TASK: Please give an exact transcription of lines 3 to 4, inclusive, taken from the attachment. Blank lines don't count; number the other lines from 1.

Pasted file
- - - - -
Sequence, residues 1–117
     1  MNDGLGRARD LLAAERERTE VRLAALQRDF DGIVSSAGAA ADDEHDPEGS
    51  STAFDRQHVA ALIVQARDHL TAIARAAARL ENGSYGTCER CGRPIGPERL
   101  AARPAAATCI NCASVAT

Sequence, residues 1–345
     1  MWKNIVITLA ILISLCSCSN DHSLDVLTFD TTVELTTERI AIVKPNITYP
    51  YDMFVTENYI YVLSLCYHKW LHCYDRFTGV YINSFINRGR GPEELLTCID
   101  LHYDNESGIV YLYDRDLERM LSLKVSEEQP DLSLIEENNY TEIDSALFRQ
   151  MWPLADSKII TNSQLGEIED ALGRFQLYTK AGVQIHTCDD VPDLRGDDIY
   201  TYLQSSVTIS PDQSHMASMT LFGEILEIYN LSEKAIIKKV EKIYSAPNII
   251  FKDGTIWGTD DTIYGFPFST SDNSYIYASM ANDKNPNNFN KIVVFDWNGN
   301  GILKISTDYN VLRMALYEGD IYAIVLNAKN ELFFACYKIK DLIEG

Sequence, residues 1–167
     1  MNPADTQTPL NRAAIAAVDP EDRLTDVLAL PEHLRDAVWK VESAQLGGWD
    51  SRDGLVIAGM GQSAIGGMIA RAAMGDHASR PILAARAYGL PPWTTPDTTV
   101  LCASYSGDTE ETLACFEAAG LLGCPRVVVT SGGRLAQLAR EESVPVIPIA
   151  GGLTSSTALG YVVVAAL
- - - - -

    51  STAFDRQHVA ALIVQARDHL TAIARAAARL ENGSYGTCER CGRPIGPERL
   101  AARPAAATCI NCASVAT